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How to fight a rising sea

What the Netherlands has done – and is urgently planning to do – in the face of climate-driven sea-level rise holds important lessons for the rest of the world.

By Peter N. SpottsStaff writer of The Christian Science Monitor / November 15, 2007

Dordrecht, Netherlands

The Dutch enjoy a hard-earned reputation for building river dikes and sea barriers. Over centuries, they have transformed a flood-prone river delta into a wealthy nation roughly twice the size of New Jersey.

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If scientific projections for global warming are right, however, that success will be sorely tested. Globally, sea levels may rise up to a foot during the early part of this century, and up to nearly three feet by century's end. This would bring higher tidal surges from the more-intense coastal storms that scientists also project, along with the risk of more frequent and more severe river floods from intense rainfall inland.

Nowhere does this aquatic vise squeeze more tightly than on the world's densely populated river deltas.

So why is one of the most famous deltas – the Netherlands – breaching some river dikes and digging up some of the rare land in this part of the country that rises (barely) above sea level?

In the Biesbosch, a small inland delta near the city of Dordrecht, ecologist Alphons van Winden looks out his car window at a lone excavator filling a dump truck with soil. He considers the question and laughs. "We do have a hard time explaining this to foreigners," he says.

The work here represent a keystone in the country's ­climate-adaptation plans, Mr. van Winden says. Indeed, nowhere are adaptation planning efforts to address rising sea levels and flooding more advanced than in the Netherlands.

To be sure, the country's economic wealth and long experience dealing with threats from seas and rivers give it an advantage over other low countries that face rising waters, such as Bangladesh, Vietnam, and the tiny tropical island nation of Tuvalu in the South Pacific. But many of the approaches the Netherlands is taking can and are being slowly adopted even in countries far poorer, specialists say.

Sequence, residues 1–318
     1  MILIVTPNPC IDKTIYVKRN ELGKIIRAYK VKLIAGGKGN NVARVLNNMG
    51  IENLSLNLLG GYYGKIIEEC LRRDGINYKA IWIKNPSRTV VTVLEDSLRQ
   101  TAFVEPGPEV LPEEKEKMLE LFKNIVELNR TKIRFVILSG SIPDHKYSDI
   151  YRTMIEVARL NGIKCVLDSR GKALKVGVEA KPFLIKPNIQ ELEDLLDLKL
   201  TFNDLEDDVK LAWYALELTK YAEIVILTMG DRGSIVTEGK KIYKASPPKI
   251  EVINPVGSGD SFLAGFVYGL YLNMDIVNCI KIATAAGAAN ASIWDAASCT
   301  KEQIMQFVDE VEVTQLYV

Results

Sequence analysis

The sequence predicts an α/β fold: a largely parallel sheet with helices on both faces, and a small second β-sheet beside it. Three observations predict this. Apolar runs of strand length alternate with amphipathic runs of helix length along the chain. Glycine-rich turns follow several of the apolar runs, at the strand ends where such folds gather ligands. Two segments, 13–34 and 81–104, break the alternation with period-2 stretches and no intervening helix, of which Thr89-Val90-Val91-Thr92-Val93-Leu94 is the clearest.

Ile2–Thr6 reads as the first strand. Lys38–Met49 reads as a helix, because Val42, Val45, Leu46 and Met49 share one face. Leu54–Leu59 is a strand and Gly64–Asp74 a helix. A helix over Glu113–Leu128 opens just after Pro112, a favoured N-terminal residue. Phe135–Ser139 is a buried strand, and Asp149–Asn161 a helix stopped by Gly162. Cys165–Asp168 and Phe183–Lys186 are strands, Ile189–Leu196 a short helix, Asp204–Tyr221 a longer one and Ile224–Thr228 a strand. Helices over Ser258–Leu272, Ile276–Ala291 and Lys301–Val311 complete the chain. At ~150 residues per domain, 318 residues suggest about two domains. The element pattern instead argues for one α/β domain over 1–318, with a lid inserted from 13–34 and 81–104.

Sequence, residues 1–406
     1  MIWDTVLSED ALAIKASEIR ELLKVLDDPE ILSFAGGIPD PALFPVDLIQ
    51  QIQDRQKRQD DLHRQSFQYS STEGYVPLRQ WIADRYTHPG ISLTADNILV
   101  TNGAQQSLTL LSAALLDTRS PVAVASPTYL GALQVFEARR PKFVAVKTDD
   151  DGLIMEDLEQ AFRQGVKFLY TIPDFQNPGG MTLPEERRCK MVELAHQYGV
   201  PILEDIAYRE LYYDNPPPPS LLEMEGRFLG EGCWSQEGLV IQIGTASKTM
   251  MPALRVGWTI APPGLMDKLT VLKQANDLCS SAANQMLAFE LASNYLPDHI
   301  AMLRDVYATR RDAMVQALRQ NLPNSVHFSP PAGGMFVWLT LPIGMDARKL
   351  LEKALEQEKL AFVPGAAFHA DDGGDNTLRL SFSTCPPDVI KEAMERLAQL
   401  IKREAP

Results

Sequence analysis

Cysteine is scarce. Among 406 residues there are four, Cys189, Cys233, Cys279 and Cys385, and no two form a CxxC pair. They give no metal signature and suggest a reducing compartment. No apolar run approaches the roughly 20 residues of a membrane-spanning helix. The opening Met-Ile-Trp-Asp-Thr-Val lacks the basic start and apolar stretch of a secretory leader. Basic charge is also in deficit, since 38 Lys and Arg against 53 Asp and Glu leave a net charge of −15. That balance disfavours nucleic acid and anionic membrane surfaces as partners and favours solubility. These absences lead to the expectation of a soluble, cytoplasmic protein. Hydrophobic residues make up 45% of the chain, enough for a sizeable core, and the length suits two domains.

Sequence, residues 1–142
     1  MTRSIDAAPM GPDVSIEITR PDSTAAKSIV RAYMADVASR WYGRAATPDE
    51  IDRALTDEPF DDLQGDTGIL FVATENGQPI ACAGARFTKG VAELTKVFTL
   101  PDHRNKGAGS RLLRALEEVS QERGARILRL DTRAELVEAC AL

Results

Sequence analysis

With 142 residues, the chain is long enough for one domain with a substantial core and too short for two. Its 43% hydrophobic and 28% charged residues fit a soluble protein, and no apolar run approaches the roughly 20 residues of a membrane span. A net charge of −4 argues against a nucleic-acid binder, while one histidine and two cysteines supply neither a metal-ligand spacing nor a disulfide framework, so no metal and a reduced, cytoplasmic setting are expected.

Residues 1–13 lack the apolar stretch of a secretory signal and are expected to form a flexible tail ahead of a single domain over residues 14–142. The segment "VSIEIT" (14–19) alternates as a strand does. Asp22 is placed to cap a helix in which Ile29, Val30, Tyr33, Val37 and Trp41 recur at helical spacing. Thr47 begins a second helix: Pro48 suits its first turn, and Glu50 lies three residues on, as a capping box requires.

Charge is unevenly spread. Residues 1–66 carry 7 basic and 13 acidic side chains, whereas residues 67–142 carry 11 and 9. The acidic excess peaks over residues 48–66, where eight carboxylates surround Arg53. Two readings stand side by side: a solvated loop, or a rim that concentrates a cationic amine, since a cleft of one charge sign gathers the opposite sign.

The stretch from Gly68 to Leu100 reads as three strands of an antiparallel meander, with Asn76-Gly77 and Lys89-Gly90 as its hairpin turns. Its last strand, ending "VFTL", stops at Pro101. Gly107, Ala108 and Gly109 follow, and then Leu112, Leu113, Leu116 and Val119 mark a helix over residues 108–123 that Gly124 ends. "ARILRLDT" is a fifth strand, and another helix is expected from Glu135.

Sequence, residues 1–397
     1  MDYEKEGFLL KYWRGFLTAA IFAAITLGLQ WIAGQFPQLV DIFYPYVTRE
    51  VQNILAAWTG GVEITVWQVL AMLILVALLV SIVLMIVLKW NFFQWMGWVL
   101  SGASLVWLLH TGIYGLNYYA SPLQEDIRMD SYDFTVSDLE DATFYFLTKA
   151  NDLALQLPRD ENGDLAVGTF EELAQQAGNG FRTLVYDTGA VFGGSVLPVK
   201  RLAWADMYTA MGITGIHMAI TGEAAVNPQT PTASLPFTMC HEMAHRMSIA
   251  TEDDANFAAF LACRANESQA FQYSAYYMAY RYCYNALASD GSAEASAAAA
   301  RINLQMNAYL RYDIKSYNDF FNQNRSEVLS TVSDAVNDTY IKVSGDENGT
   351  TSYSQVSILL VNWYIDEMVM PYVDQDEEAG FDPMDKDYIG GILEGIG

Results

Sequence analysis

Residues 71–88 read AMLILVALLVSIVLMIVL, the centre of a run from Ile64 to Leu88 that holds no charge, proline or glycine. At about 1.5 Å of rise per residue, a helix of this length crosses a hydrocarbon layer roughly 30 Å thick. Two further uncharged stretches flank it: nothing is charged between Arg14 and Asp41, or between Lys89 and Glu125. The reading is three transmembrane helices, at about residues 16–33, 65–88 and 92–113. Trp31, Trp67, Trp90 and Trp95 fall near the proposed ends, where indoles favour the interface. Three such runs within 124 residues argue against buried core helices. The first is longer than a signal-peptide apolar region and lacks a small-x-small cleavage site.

The excavation work here is one example of what van Winden calls "soft approaches" to flooding in this small nation where competing interests jostle for every square foot of land. By buying out the few farmers remaining in this region, breaching the dikes they built to protect their land, and digging additional water channels, the Dutch government aims to reduce peak flood flows at Dordrecht and other cities downstream. No longer will tightly constricted river and canal channels hold high water captive. Big floods will overspread the Biesbosch, reducing the threat of water spilling over the top of levees that guard densely populated cities to the west.

The Biesbosch may also be critical to the future of farming on the productive southwest coast. There, most of the area's fresh water sources are close to the coast – and vulnerable to salt-water contamination from a rising North Sea. This could make farming difficult, if not impossible. The Biesbosch, however, hosts three large reservoirs, each surrounded by a 20-foot-high dike. Fresh water piped from these reservoirs, some 50 miles inland, could keep coastal areas supplied.

1.4 billion live near seacoast

Globally, some 21 percent of the world's 6.6 billion people live within 20 miles of a seacoast – and nearly 40 percent within 60 miles, says Robert Nich­­olls, a professor of civil and environmental engineering at the University of Southampton in England.

Seacoast populations who face the greatest risk from floods, storms, and sea-level rise live on river deltas, says the UN-sponsored Inter­governmental Panel on Climate Change.

In the IPCC's latest set of reports on the impact of global warming, released earlier this year, scientists looked at data from 40 of the globe's river deltas, home to 300 million people. If current trends continue through 2050, flooding in the Nile, Mekong, and Ganges-Brahmaputra river deltas could each displace more than 1 million people. Up to a million more may be forced to head for higher ground in each of another nine deltas, including the Mississippi River delta. Up to 50,000 could be forced to relocate in each of 12 other deltas, including the Rhine River delta – an area known more widely as the Netherlands.